We follow the coast for the next mile or so. Just South of Heacham we swing inland a little and walk along yet another sea dyke. Again we have to walk through a collection of cows and calves. Brian is still going strong, but I am feeling the pace. We are due a break but we (I?) decide to push on to a cafe we can see in the distance. I don't know why we are pushing on. My body is pleading to stop but something in my head tells me to carry on.
We reach the cafe and collapse into the welcoming chairs. Teas and orange squash and ice creams are ordered and suddenly life seems much better. It is so good to hear human voices. The staff are very friendly.
This last stage was 64 minutes long, the first time we have deviated significantly from our plan of 45 on/ 15 off. Psychologically I believe that we had to continue. Undoubtedly it was hard going, but to stop in the cafe was important. We had a long break here, on chairs, with tea etc. It enabled us to think clearly about our plans for the rest of the day and make a rational decision to press on to Hunstanton, only two miles away. If we had stopped after 45 minutes, taken our rest, and then pushed on again I believe the trek into Hunstanton would have been much harder.
The next stage presented no problems. We knew we were tired and went at a steady, almost easy, pace. The sea dyke turned into a concrete promenade and we were suddenly in the sea-side town. We paused briefly by the fun-fair to admire Hunstanton's unusual "layer cake" cliff across the bay. We found a small licensed hotel that was a little more expensive than our previous resting places but appeared comfortable enough.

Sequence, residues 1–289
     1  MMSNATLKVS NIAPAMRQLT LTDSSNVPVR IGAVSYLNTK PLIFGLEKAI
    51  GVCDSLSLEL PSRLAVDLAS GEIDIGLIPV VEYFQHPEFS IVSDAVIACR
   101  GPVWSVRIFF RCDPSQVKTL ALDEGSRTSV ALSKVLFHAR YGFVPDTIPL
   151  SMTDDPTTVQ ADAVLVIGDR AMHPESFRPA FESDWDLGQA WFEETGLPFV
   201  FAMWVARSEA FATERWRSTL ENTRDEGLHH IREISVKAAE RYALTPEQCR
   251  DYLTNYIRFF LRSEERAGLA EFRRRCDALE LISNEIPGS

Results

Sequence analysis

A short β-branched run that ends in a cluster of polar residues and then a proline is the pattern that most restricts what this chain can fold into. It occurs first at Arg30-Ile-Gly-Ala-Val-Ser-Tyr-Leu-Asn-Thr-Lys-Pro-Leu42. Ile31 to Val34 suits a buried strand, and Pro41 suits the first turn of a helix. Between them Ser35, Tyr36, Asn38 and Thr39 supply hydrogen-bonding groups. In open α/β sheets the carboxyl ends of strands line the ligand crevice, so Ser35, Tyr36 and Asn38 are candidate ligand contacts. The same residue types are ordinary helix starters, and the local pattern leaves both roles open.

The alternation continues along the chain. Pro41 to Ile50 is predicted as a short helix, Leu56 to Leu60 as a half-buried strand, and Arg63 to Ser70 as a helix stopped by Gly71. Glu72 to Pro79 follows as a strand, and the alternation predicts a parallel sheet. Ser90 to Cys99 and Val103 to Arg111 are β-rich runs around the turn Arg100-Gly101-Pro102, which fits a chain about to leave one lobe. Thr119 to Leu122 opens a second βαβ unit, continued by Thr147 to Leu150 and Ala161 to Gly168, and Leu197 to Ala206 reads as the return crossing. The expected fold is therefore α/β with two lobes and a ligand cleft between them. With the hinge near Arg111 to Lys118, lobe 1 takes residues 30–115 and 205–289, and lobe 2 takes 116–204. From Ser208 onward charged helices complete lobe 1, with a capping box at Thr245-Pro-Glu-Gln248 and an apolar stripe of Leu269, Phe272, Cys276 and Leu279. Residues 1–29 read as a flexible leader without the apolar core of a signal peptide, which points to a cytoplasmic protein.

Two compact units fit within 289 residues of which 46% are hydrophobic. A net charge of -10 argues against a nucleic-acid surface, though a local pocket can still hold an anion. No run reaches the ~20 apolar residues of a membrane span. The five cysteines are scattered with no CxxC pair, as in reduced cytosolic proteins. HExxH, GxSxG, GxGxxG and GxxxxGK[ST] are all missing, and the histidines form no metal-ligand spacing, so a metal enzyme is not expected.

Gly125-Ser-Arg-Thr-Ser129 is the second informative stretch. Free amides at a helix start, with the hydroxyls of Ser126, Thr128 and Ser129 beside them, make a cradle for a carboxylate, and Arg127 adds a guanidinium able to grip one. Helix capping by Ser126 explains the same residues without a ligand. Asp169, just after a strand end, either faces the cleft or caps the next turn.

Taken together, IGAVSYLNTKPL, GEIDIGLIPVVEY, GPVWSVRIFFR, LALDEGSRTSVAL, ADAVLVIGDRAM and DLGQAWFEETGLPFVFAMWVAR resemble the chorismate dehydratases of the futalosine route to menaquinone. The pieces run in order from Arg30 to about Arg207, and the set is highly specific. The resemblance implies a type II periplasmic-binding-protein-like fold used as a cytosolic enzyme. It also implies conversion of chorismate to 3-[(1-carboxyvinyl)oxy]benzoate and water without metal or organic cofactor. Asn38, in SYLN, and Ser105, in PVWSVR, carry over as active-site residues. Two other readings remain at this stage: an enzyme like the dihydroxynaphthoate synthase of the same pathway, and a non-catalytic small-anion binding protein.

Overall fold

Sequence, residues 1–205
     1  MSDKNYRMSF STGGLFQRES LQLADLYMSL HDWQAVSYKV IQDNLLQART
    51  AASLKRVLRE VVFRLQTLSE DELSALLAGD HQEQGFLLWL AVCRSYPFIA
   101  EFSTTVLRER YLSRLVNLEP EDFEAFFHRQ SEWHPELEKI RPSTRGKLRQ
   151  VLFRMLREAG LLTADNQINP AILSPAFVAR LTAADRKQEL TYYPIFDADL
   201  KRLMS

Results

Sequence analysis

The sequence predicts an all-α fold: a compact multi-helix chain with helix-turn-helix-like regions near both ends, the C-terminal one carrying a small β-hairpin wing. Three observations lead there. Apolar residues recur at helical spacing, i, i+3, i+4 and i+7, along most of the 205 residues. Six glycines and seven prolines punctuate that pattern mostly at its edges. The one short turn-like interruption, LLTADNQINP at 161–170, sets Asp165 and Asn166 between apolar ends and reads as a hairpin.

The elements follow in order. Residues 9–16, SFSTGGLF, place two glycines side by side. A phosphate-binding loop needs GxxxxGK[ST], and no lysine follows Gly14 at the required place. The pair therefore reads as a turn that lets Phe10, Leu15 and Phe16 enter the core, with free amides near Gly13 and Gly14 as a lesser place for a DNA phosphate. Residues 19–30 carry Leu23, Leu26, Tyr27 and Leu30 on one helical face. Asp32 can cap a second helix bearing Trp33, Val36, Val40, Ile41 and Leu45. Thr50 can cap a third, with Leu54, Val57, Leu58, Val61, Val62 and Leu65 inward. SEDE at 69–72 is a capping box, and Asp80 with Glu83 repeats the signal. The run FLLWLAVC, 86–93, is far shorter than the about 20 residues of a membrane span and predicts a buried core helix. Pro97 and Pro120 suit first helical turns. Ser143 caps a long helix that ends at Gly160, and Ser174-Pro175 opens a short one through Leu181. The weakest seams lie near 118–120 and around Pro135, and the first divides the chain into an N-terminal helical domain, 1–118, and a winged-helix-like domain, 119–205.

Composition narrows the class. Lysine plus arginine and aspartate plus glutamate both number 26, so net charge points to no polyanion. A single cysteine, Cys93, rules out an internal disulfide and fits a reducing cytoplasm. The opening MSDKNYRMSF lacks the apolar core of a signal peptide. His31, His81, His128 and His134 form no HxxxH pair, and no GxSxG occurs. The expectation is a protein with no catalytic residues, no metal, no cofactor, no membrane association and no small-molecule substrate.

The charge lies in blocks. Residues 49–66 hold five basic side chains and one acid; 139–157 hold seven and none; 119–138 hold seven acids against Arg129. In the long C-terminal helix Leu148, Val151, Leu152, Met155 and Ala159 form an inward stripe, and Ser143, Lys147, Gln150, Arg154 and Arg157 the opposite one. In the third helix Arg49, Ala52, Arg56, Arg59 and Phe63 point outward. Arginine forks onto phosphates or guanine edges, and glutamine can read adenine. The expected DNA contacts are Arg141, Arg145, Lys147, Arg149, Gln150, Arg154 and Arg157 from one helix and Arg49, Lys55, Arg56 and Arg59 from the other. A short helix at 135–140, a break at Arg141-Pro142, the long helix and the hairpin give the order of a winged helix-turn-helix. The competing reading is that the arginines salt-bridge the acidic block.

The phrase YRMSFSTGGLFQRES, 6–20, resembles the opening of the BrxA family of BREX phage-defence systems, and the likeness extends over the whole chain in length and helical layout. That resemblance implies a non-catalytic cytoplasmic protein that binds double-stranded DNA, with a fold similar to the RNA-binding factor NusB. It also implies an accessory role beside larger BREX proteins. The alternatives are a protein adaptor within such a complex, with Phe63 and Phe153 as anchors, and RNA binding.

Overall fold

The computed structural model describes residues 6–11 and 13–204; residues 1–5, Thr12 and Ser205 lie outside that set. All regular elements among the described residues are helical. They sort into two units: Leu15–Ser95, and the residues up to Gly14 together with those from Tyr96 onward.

We have travelled 17.25 miles in 6 hours 42 minutes. Average speed 2.57mph; total time 9 hours 25 minutes. We feel well satisfied with ourselves, and well pleased with the way we handled a long and potentially tricky day. We take a deserved rest before dining at an Indian restaurant.
We return to the hotel at about 9.30pm. Our host is playing his guitar to an empty bar - mainly the Shadows greatest hits. We stop for a beer and end up
having several as mine host entertains. The bar slowly fills as the other residents return and a warm convivial atmosphere gradually builds. We toddle of to
bed much later than intended and see the end of a Police Academy movie. A good end to a big day.
Wednesday 16th July.
Breakfast is disappointing. Despite last night's excellent impromptu concert, this has to be one of the poorest places we have stayed. We get the impression that the management ethos is based on what is the least they can get away with rather than what is the best value they can give. We even had to pay a quid to watch telly.